USGS Professional Pages
Supervisory Research GeophysicistContact Info
Fred Pollitz is a research geophysicist with the U.S. Geological Survey. He received his Ph.D in Geophysics (long-period seismology) from Princeton University in 1989, advised by Tony Dahlen. As a postdoctoral researcher he switched focus to crustal deformation studies, motivated initially through collaboration with Dr. Selwyn Sacks at the Carnegie Institution of Washington. With the USGS since 2000, he has continued to work on problems related to crustal deformation and long-period seismology.
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(1) Rationalizing postseismic crustal deformation. This research makes use of GPS, InSAR, and/or GRACE gravity observations made after many land-based events (M7.3 1992 Landers, M7.1 1999 Hector Mine) and oceanic interplate events (M9.2 2004 Sumatra, M8.8 2010 Chile, M9.0 2011 Tohoku).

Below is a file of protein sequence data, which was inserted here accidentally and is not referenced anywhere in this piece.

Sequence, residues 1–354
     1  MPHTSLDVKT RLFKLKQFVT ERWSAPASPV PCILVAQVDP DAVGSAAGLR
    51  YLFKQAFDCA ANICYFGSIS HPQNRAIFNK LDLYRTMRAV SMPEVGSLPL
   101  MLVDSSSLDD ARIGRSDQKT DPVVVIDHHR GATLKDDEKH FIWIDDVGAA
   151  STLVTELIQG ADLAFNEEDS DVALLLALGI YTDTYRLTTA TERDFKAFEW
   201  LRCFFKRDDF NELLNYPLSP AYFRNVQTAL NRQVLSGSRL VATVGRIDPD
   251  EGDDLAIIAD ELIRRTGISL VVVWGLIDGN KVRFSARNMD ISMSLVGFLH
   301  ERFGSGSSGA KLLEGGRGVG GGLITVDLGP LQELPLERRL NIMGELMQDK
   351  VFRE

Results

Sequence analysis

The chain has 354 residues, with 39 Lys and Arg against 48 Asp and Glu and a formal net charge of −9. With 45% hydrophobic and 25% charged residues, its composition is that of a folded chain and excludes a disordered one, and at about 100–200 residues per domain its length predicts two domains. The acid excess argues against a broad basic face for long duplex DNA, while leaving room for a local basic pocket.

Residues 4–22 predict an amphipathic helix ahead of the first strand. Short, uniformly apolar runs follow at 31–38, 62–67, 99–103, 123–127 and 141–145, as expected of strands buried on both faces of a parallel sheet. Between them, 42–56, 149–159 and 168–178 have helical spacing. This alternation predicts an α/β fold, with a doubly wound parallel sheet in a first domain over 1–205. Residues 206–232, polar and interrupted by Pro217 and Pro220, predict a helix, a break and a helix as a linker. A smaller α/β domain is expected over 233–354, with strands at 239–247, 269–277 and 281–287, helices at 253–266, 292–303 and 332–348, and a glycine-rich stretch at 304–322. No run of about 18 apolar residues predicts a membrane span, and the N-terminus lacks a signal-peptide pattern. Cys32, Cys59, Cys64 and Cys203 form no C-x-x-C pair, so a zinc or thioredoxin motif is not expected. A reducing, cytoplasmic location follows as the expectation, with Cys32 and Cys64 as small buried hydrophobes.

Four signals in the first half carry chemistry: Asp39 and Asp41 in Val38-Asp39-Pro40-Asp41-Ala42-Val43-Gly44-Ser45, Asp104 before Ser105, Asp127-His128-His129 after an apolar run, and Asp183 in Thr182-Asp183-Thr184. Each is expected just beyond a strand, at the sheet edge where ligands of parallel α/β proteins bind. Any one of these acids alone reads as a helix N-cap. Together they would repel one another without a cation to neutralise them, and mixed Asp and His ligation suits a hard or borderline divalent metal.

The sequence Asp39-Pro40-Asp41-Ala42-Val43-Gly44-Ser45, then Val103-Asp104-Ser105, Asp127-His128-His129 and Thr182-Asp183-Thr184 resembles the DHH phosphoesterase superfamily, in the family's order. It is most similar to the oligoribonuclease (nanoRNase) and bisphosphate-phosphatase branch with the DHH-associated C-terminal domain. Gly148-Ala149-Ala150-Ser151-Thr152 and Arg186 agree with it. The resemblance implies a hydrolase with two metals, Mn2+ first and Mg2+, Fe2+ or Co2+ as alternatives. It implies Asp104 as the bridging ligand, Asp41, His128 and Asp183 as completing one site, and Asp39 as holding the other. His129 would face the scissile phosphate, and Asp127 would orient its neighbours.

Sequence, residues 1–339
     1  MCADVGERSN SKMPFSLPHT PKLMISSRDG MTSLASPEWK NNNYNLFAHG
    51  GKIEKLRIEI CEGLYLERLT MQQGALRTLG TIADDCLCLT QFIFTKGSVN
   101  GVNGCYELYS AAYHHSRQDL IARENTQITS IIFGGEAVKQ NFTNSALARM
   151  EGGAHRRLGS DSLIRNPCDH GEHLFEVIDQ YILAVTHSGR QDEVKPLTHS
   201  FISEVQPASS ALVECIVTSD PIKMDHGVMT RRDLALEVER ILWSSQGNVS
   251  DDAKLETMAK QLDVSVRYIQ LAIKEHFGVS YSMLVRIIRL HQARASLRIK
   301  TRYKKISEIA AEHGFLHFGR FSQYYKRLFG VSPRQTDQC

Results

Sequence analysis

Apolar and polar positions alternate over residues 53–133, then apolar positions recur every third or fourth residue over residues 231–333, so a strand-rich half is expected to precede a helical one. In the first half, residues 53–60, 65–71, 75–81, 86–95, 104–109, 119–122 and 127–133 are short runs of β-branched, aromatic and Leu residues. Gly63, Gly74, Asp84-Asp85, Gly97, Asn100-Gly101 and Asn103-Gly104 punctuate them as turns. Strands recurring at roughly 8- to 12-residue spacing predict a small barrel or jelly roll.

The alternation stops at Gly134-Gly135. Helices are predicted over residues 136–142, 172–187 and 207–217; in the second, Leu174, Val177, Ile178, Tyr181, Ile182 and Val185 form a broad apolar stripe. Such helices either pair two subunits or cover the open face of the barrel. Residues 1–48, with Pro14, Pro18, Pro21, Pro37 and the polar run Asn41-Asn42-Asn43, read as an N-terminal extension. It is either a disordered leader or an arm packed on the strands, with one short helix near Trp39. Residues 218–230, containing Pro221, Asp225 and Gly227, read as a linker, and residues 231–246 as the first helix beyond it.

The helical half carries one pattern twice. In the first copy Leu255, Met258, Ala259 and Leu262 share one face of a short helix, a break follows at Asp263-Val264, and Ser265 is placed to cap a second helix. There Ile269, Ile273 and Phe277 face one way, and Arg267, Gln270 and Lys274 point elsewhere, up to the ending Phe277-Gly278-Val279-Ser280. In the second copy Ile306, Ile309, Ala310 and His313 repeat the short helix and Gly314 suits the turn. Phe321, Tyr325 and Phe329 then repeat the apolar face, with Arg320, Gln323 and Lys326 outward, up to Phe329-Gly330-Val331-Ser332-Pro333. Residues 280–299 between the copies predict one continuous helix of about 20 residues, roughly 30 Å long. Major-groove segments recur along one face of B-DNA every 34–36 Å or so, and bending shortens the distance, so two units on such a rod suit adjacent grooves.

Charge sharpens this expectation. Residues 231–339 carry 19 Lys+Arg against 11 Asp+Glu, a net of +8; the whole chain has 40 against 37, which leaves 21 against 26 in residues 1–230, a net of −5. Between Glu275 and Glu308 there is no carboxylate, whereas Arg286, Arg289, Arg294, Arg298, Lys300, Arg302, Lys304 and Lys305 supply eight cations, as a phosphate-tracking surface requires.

(3) Interpreting shear-wave energy generated by near-surface explosions. With forward modeling of the seismic wavefields recorded in SAFOD downhole arrays, collaborative research with Justin Rubinstein and Bill Ellsworth investigates how S wave energy is produced by explosive sources at offsets ranging from 10s of meters to several km.
VISCO1D-v3 is a program package to calculate quasi-static deformation on a layered spherical Earth from a specified input source (fault plane parameters) at specified points on the surface or at depth. It uses a spherical harmonic expansion of the global deformation field and evaluates a sum of viscoelastic normal modes in a semi-analytic computation. It is available at http://earthquake.usgs.gov/research/software/
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